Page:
DS: How did you established an order or specific palette of sounds for each race of creatures? How extensive did the library of vocal sounds (breath, screams, different vocalizations, etc) have to be to accommodate the amount of beasties in the films?
DF: I think one of the things that was best, was there was no specific library created, as in composite sounds. I began the films trying to create composites, to create a library of sounds for other people to use, but I work much better when I edit my own design to picture. Towards the end of the trilogy there were more composite files of things, like the wraiths & trolls. But for the most part, I made my way through each scene, creating each event from elements as I went, even as late as ROTK with the Mumakil attack. The added benefit was more variety and less repetition. I made each of those Mumakil vocals from scratch, direct to picture. That’s not to say I didn’t re-use some elements, but they were never put together the same way twice, which really helps sell the scene IMO.
DS: How did you guys approach the use of worldizing and or impulse response recording for the films?
DF: We did a lot more worldizing on FOTR. I started playing with Altiverb right after that, and by the time we got around to “Two Towers” I had shifted my approach to gathering impulse responses, where normally we would have worldized before. Making the IR’s wasn’t a given, in that there was no sure-fire method for getting great ones. So we still did some worldizing when we felt we needed to, but it wasn’t as often.
DS: There are a lot of battles and creature sounds that sound big. What’s your theory on designing big and powerful sounds?
DF: I think it boils down to basics really. I’m not really about the size as much as the energy. And it has to start with an energetic source sound. This would have been a good topic in the “Perception of Sound” article. High energy can convey a large size, at least to some degree. One mistake I see a lot, and one that I’ve MADE a lot, is to try to coerce size from a sound that has no energy. Overcompressing, adding low end–these are all attempts to add energy and size to a sound. That works to some degree, but can’t work miracles. I also don’t typically pitch or slow down a sound very far, because that lowers the energy tremendously. Quite often I’ll take a sound that’s too large for the event and pitch it up, which increases energy.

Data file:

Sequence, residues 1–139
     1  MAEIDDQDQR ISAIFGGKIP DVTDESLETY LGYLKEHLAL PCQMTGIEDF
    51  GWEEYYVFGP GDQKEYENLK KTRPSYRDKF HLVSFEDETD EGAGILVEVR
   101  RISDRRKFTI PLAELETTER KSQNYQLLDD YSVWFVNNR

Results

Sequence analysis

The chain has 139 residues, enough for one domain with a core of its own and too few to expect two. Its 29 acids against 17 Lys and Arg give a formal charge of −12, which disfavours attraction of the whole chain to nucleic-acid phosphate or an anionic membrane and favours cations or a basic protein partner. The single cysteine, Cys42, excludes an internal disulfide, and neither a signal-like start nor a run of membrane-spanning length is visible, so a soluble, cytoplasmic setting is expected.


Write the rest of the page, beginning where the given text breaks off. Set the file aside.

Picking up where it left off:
DS: What was the dynamic like on the dub stage? How much time did Jackson spend there with you and the mix team?
DF: It was a pretty homey vibe on the stage. Peter is pretty much just like what you see in interviews with him. He’s very expressive, and has a great way of giving notes so you know what he wants. He also lets you do your thing first and understands there’s a method to getting things done, that what he’s hearing at any given moment can be just a “means to an end”. As the trilogy progressed, both Peter & I were on the stage less & less. Things were coming in later & later, and he was working on the many other stages of the picture, and I was frantically addressing new things, or fixes and other adds.
DS: Finally, do you have a favorite scene? What is your favorite of the three films and why?
DF: Jeez!!!! No I can’t pick one. But some standouts are:
- The Balrog waking up in the distance and sending the orcs scrambling. This critter was one of the most memorable from the books to me, so it was scary and also gratifying to give him a voice.
- The cave troll fight in Balin’s tomb (FOTR) – it was just very satisfying to build that creature from distant calls, to close up fighting, to wearing down and getting tired, to a pitiable death.
- Anything that had the fell beasts. I was really happy with the sounds of the wings and their flying sounds, as well as their vocals.